can be divided further into relational (for entities


such as proce
sses of infection


dependent
on a plurality of bearers) and non
-
relational (for entities


such as a rise in temperature


dependent on a single bearer).

Processes are
examples of
dependent entities on the side of occurrents: they exist always only
as pro
cesses
of
or
in
some one or more independent continuants which are their bearers.
Qualities, roles, functions, shapes, dispositions,
and
powers are
examples of
dependent
entities on the side of continuants: they exist always only as the qualities (etc.) of

specific
independent continuants as their bearers: a smile smiles only in a human face; the function of
your heart exists only when your heart exists.

Universals and particulars:
Entities in all categories in the BFO ontology exist both as
universals and
particulars.
Y
ou are a particular human being, and you instantiate the universal
human being
; you have a particular temperature, which instantiates the universal
temperature
;

7

you are currently engaging in a particular reading act, which instantiates the un
iversal
reading
act
. In each case we have a certain universal and an associated plurality of instances,
where

the term ‘instance’ should be understood
here
in a non
-
technical way, to refer simply to those
objects, events and other entities which we find ar
ound us in the realm of space and time (and
thus not, for example, to entries, records or values in databases). ‘Universal’, too, connotes
something very simple, namely the general kinds or patterns which such particular entities
have
in common. Thus to ta
lk of the universal
red
is just to talk of that which this tomato and
that pool of ink share in common; to talk of the universal
aspirin
is to talk of that which these
aspirin pills and those portions of aspirin powder share in common. That universals in t
his
sense exist should be uncontroversial: it is universals which are investigated by science. It is
in virtue of the existence of
universals that medical diagnose
s are able to be formulated by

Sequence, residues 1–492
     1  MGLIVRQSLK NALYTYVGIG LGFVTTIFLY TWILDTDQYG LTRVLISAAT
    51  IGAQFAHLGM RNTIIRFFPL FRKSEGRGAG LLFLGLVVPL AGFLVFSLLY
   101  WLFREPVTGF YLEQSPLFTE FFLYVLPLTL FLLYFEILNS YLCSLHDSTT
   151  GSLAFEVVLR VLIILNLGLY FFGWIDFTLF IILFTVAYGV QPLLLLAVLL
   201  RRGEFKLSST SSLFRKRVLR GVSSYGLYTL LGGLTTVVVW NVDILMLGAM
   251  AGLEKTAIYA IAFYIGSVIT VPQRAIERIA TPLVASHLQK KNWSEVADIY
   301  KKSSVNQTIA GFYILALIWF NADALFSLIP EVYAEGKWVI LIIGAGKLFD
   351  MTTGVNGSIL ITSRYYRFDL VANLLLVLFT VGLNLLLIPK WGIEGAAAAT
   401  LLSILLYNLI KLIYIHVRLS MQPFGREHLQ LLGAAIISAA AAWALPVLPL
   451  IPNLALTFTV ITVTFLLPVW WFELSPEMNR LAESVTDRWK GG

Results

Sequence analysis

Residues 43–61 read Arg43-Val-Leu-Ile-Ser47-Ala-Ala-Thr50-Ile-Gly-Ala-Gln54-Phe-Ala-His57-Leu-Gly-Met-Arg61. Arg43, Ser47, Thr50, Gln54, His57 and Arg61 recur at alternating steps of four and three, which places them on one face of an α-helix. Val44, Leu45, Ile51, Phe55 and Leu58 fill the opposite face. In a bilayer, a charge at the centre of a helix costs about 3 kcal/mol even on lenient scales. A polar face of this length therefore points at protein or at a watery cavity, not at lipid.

using general terms
,

and
that
corresponding standardized thera
pies can be tested in application
to pluralities of different cases (instances) existing at different times and locations (Swoyer
1999).

Again, in part because of the influence of W
ü
sterian thinking, both universals and particulars
have been poorly treated

in biomedical terminologies and in electronic health records thus far.
While biomedical terminologies ought properly to be constructed as inventories of the
universals in the corresponding domains of reality (Smith
et al
. 2005), they have been
conceived i
nstead as representations of the concepts in peoples’ heads. While electronic
health records ought properly to be constructed as inventories of the instances salient to the
health care of each given patient (including particular disorders, lesions, treatme
nts, etc.), they
have in fact been put together in such a way that in practice only human beings (patients,
physicians, family members) are represented on the level of instances, information about all
other particular entities being entered in the form of
general codes


in ways which cause the
problems outlined in (Ceusters and Smith 2005). Instances have also been inadequately
treated in the various logical tools used in the fields of terminology and EHR. (The Tarskian
approach referred to above encourage
s, again, the logical treatment, not of actual particular
entities in corporeal reality, but rather of those abstract mathematical surrogates for such
entities which are created
ad hoc

for the logician’s technical purposes.)

Ontology and epistemology:
The
BFO framework distinguishes, further, between ontology
and epistemology. The former is concerned with reality itself, the latter with our ways of
gaining knowledge o
f
reality. These ways of gaining knowledge can themselves be subjected
to ontological treat
ment: they are
processes

of a certain sort, with cognitive agents as their
continuant bearers. This fact, however, should not lead us to confuse epistemological issues
(pertaining to
what
and how
we can know
) with ontological issues (pertaining to
how the
world is
). Thus ‘finding’ is a term which belongs properly not to ontology but rather to
epistemology, and so also do UMLS terms such as ‘experimental model of disease’.

It is the
failure to distinguish clearly between ontology and epistemology


a failure

that is
comparable in its magnitude to the failure to distinguish, say, between physics and its history
or between eating and the description of food)


which is at the root of the confusions in
Wüster/ISO thinking, and in almost all contemporary work on
terminologies and knowledge
representation and which leads for example to the identification of
blood pressure

with
result
of laboratory measurement

or of
individual allele

with
observation of individual alleles
.

Already a very superficial analysis of a co
ding system like the
ICD (for:
Internati
onal
Classification of Diseases:
World Health Organization, n.d.) reveals that this system is not in
fact a classification of
diseases

as entities in reality (Bodenreider
et al
. 2004)
.
Rather it is a
classification o
f
statements
on the part of a physician

about disease phenomena which the
physician might attribute to a patient
. As an example, the ICD
-
10 class
B83.9: Helminthiasis,

8

unspecified

does not refer (for example) to a disease caused by a worm belonging to the
species
unspecified